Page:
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December 1946

ELECTROMYOGRAPHY IN DIFFERENTIAL DIAGNOSIS OF RUPTURED CERVICAL DISK

Author Affiliations

BOSTON

From the Electromyographic Laboratory, Department of Psychiatry; the Department of Physical Medicine, and the Department of Surgery, Massachusetts General Hospital.

Arch NeurPsych. 1946;56(6):651-658. doi:10.1001/archneurpsyc.1946.02300230045004
Abstract

THE presence of fascicular contractions in muscle is a physical sign which is of great help to the clinician in reaching a diagnosis. The electromyograph can be used as a delicate tool for the detection of fasciculations not obvious to the eye, for although in some muscles over which the subcutaneous tissue is thin fasciculations if present can be readily observed, in other muscles even when present they escape observation. In some cases the bilateral or diffuse nature of a lesion can be observed earlier by electromyography than by clinical examination.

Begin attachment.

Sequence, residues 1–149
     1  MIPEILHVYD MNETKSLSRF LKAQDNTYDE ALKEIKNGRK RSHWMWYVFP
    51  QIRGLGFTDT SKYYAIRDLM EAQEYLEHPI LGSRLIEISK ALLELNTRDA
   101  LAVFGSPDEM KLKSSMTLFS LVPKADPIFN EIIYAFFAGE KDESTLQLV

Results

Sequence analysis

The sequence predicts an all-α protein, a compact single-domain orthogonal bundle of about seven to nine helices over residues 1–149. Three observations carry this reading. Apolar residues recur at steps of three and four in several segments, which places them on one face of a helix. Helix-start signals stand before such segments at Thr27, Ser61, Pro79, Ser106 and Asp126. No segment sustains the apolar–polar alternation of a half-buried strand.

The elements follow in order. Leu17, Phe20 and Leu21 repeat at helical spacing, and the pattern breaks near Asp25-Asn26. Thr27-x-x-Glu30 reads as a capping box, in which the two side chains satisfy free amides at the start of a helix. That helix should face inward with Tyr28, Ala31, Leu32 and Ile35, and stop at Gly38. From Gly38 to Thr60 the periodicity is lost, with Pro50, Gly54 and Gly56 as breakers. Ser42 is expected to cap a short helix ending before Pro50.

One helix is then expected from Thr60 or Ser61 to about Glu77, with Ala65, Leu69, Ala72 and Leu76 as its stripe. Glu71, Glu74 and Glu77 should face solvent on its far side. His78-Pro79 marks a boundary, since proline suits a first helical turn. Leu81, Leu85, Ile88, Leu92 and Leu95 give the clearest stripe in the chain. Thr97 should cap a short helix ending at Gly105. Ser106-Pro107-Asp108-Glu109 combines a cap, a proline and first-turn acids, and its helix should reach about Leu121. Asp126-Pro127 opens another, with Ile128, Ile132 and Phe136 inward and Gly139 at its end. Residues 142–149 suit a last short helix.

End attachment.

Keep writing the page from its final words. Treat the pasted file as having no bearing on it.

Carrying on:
The application of electromyography to the detection of fasciculations in muscles due to lesions of the spinal cord and of the peripheral nerves has been in use in this laboratory1 and in others2 for some time. In 1944 Hoefer and Guttman2 described an electromyographic method for determination of the level of lesions in the spinal cord

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